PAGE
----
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Subj: Re: Batman: Three Jokers #3
Posted: Mon Nov 09, 2020 at 01:08:37 pm EST (Viewed 80 times)
Reply Subj: Re: Batman: Three Jokers #3
Posted: Mon Nov 09, 2020 at 12:16:49 pm EST (Viewed 78 times)
You would think so, but according to Geoff Johns' logic in this book - no.
For some reason known only to him Geoff Johns sees the classic silver/Bronze-age Joker as a different man to the one Alan Moore used for 'The Killing Joke'... So Jason Todd kills the classic Joker, 'The Clown' version according to Geoff Johns' view, and 'The Comedian' version, the one Alan Moore explores is the real Joker....?
The summation of Moore's take on the character in The Killing Joke was that he was insane, Bruce Wayne reacted to personal tragedy in a way in which he channelled his feelings and his life into helping others and battling the tide of criminality as The Batman. The Joker on the other hand, whoever he was before he fell into that vat of chemicals, didn't have Bruce Wayne's strength of character so let himself be swept away by events in his life to reinvent himself as The Joker. He would never have to face up to the real world, or himself, or his failures, because 'The Joker' was the representation of the madness that IS the real world.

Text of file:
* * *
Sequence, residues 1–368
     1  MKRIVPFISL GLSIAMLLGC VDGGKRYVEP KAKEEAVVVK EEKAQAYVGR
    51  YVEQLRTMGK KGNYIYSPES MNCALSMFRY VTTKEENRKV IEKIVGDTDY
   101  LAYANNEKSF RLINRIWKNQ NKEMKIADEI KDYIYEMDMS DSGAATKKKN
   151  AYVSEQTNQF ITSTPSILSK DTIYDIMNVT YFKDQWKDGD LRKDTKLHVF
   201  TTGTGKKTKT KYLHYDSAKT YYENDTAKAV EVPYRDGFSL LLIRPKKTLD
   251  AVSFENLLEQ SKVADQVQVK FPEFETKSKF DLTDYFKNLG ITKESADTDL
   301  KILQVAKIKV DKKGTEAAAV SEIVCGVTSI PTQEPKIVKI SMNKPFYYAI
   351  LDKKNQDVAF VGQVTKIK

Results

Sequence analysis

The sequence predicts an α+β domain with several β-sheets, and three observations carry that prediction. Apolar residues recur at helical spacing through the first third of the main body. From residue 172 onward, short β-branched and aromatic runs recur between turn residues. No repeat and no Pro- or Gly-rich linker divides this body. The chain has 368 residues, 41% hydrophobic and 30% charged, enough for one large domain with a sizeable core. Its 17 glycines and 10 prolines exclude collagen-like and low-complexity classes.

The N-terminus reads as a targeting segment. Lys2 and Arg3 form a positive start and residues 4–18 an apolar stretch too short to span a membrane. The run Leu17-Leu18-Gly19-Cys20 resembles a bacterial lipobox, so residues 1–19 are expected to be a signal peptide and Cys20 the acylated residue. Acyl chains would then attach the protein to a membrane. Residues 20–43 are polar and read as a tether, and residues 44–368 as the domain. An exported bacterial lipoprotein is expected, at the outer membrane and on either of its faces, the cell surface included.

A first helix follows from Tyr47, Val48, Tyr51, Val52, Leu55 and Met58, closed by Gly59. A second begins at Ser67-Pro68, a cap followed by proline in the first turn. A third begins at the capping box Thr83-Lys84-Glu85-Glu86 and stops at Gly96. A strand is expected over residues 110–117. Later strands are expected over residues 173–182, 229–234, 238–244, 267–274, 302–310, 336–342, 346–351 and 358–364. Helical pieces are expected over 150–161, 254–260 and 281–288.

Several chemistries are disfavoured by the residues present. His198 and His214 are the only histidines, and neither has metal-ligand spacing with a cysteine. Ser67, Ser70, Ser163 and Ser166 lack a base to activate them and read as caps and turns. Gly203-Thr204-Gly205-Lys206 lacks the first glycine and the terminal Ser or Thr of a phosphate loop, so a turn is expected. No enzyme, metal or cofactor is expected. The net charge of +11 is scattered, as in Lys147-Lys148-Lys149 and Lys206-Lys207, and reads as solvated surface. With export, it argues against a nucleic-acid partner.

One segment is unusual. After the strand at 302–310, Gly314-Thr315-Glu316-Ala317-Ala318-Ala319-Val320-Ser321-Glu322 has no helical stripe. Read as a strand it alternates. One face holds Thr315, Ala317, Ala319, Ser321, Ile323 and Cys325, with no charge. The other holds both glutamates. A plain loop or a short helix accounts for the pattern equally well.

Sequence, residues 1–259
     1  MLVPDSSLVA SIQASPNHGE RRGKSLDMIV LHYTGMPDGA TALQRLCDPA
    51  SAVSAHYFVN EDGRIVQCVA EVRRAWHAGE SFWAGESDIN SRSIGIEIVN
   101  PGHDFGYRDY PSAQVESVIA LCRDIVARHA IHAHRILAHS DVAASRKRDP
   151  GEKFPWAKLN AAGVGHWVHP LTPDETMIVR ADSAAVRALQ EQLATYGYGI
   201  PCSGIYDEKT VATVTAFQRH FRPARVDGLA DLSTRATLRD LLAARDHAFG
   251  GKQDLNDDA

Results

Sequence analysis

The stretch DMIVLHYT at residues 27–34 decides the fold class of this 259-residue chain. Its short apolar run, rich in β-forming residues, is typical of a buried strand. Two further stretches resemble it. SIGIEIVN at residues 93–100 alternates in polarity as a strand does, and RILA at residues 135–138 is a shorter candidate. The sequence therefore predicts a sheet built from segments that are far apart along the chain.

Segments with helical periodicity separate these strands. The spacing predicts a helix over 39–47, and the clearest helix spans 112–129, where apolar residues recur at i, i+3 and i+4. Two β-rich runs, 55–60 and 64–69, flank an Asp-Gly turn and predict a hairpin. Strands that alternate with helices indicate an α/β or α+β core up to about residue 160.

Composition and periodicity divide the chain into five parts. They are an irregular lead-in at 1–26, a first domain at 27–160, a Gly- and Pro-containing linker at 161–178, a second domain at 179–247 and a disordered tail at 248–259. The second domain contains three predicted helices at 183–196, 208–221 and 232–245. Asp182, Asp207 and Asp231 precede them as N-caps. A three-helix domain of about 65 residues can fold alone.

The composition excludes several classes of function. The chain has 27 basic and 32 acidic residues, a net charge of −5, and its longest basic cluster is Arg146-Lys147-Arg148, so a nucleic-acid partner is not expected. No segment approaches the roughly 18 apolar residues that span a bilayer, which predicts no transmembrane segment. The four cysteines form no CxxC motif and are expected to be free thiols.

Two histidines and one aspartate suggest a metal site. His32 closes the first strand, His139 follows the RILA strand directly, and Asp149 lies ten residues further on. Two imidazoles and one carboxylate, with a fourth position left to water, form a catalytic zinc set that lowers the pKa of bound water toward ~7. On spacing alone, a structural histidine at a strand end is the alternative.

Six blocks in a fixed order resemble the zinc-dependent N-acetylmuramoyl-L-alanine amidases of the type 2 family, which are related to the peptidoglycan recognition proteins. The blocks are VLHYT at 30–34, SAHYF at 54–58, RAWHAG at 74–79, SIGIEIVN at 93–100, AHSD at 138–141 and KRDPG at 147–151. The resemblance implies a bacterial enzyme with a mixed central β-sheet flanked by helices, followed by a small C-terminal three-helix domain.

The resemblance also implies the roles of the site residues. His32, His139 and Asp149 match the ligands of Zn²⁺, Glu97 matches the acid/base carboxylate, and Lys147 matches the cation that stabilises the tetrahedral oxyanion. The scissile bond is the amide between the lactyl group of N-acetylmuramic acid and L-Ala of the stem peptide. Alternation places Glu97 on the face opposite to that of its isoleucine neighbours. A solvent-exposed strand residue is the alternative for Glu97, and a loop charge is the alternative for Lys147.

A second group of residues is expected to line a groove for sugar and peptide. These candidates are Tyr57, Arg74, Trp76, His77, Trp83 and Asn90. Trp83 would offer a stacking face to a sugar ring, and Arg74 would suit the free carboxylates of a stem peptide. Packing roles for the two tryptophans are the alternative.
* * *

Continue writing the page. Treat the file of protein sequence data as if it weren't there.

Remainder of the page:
I expect Geoff Johns is choosing to take Alan Moore's story and make the Joker's origin therein to be 'real' as it conveniently ties him in with the very successful film with Joaquin Pheonix. Moore never intended that origin to be definitive, he made it clear that it was highly subjective and unreliable as the Joker himself had no stable memory of the past or of his own origins. But it was a version that the film used, and therefore for whatever shallow reasoning Geoff Johns chose to make an previously enigmatic and dangerously unknowable villain to be entirely knowable, and actually quite mundane when all is said an done - because all he was was a loser who couldn't hack it at life and became the Joker.
We know who he is.